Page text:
Charles Hale '17 Wins Fulbright Student Research Award
The former biology major and current Haverford House fellow is headed to the Czech Republic to continue studying an invasive plant that was the focus of his senior thesis research.
What do you do when you're finished with your senior thesis, but your senior thesis isn't finished with you? If you're Charles Hale '17, you continue your research independently and then apply for a Fulbright U.S. Student Research Award to further it in the lab of one of the world's premiere experts on your subject.
The biology major first became interested in the common reed Phragmites australis working in the lab of Assistant Professor of Biology Jonathan Wilson. For his thesis, he focused on the microbiome of that invasive species' leaves.
"Just like how the bacteria in your gut are critical for good health, plants depend on bacteria that live on their roots, inside their stems, and on the surface of their leaves," says Hale. "I focused on the leaves for my thesis, which no one had done before. I sampled Phragmites leaves throughout the northeast and then scraped the leaf surface for bacteria before using next-generation [genetic] sequencing to reveal every species of bacteria that was on each leaf. Each leaf carries hundreds of species!"
After immersing himself in that work over his senior year, he wasn't ready to be done with it after his thesis was handed in and his graduation cap was thrown in the air. So after "braving the summertime ticks" to continue to gather samples to generate more data, he reached out to one of the world's premier Phragmites researchers, Petr Pyšek, to see if and how his thesis project could fit in with the work Pyšek was conducting in his lab in the Czech Republic. Thanks to earning a Fulbright U.S. Student Award—which will cover his round-trip airfare, health insurance, and living expenses in Prague for nine months—Hale will be working in that lab at the Czech Academy of Sciences' Institute of Botany starting in mid-September.
"I graduated from Haverford with enthusiasm and momentum behind the project, and I was eager to reach out to Professor Pyšek and his colleagues—several of whom I cited in my thesis—about potentially collaborating via the Fulbright," says Hale, one of only five Fulbrighters chosen for Student Research Awards in the Czech Republic. "There's an international network of researchers who are collaborating on Phragmites research, and I'm very excited to be involved in that."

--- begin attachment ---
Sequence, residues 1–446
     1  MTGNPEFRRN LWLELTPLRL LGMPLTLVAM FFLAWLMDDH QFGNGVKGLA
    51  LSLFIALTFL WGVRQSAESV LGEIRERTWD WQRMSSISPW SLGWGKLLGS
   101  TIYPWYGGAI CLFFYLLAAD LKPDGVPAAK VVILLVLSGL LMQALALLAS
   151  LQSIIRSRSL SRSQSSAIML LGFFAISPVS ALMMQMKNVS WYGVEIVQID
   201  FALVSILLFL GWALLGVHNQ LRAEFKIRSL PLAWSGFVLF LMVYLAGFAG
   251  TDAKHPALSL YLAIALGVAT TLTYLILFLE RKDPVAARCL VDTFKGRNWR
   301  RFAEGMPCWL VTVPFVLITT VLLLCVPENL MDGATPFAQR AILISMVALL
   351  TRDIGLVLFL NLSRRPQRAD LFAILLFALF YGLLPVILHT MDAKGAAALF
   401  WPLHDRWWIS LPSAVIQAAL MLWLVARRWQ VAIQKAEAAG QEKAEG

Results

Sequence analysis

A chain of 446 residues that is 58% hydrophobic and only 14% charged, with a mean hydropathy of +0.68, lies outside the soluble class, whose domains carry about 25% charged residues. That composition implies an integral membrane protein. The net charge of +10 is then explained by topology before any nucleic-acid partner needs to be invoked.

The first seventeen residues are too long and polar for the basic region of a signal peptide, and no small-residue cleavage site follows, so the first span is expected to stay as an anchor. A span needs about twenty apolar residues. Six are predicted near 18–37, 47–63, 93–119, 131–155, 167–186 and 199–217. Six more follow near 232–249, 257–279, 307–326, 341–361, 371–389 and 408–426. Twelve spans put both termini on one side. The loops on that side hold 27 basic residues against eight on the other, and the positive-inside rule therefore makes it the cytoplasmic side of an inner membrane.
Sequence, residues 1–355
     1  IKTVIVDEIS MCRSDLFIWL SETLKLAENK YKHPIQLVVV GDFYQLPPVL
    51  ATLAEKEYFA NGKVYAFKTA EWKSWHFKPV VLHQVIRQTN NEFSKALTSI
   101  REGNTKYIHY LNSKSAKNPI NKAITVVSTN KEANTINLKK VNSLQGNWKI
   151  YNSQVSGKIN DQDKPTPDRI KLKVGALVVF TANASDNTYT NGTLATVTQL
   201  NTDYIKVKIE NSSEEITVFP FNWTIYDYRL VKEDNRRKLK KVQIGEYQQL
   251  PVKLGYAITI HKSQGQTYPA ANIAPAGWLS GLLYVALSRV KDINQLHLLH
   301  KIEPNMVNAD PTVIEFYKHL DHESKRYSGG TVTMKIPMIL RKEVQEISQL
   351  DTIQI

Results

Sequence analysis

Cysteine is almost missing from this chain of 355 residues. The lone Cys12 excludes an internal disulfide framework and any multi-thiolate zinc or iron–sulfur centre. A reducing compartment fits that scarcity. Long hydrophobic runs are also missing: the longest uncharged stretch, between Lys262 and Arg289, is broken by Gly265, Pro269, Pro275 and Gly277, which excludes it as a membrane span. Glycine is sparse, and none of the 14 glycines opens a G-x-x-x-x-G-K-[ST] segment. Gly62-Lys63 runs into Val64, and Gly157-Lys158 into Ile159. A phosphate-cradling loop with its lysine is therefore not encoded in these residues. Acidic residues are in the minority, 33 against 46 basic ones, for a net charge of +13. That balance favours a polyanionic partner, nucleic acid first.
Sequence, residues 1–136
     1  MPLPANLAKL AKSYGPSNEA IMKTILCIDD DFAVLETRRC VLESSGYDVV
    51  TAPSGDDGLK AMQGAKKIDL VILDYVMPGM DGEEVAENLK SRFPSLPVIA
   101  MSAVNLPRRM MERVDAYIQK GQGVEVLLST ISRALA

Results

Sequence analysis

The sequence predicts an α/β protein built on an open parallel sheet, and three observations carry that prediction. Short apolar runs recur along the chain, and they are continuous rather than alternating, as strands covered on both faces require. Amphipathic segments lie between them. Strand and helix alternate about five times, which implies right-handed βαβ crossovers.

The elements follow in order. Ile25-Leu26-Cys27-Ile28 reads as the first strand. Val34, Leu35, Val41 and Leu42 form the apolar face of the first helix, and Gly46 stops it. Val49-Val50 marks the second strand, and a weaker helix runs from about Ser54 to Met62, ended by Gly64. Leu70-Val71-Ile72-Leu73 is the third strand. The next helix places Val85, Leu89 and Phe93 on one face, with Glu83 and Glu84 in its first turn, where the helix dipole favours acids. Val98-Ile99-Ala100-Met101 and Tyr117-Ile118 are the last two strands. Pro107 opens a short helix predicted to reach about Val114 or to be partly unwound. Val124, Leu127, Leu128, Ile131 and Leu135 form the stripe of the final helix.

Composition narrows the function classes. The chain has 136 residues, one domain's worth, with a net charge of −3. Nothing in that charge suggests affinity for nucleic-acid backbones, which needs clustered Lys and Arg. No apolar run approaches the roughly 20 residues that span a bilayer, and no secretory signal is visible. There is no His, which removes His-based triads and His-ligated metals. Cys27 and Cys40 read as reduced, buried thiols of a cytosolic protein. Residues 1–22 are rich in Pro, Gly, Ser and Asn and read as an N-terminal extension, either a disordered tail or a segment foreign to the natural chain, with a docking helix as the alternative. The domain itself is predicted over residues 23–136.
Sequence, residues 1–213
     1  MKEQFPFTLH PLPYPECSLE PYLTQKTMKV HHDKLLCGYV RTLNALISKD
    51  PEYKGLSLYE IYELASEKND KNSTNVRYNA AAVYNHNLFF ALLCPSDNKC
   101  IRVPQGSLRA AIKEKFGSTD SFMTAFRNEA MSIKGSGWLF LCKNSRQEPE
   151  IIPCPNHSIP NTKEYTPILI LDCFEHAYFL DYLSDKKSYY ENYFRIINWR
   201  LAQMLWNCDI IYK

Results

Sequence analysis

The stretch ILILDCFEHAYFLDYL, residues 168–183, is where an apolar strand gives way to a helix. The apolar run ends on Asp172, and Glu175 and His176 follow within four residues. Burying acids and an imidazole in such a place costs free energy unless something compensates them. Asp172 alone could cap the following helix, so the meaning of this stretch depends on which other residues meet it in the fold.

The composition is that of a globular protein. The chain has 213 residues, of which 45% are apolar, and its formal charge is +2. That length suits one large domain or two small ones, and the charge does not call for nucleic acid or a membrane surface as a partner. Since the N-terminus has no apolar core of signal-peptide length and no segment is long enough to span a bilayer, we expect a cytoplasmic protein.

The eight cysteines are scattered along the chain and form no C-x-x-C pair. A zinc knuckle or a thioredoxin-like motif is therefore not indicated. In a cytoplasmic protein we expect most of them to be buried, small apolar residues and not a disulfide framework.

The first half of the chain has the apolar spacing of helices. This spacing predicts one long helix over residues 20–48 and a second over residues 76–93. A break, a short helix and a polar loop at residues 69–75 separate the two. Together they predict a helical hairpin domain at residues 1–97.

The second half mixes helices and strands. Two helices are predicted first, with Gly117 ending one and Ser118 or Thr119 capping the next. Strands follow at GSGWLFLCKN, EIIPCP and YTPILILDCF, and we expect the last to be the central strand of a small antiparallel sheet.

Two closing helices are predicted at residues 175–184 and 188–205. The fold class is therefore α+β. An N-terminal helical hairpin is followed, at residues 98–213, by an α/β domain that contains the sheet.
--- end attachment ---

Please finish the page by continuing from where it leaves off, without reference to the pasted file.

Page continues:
Since his College graduation, Hale hasn't only been focused on leaves. He was one of six members of the Class of 2017 selected for a Haverford House Fellowship. That program, run by the Center for Peace and Global Citizenship, chooses graduating seniors committed to social justice and community action for a post-graduate year of work at Philadelphia-area nonprofits, during which the fellows share a West Philadelphia home and create projects that engage the College with local groups devoted to creating a more just, healthy, and vibrant community. As part of his fellowship, Hale has been working with University City Science Center FirstHand, which runs STEAM (science, technology, engineering, art, and math) programming in Philadelphia middle and high schools.
"It's been incredibly fun work, and it's made me a much better communicator of science, which is so important," he says. "I'm hoping to get re-involved in education in some capacity while I'm in Prague, perhaps by doing volunteer environmental education. But first I've got to learn some Czech."
His upcoming year in Prague won't be the first time that Hale has traveled for an educational experience. During his time at Haverford, he conducted research one summer in Germany as a KINSC Summer Scholar, went to the Arizona/Mexico border for the CPGC's Borderlands trip, and was a part of the inaugural "Economic Botany" study tour of Trinidad and Tobago. After he returns from Prague, Hale hopes to pursue graduate work in biostatistics, but he is also eager to fuse his scientific endeavors with all of the social justice work he has done during his Haverford House year.
"My Fulbright project will give me lots of practice working with large genomic datasets, in addition to plenty of field and wet lab work," he says. "Nothing awes me as much as the complexity of the natural world, but this year at Haverford House has strengthened my interest in so many other things as well: education, immigration policy, environmental justice and city planning, criminal justice reform. I want to keep thinking deeply about biological questions while also having the statistical chops to work on data-driven projects in other fields."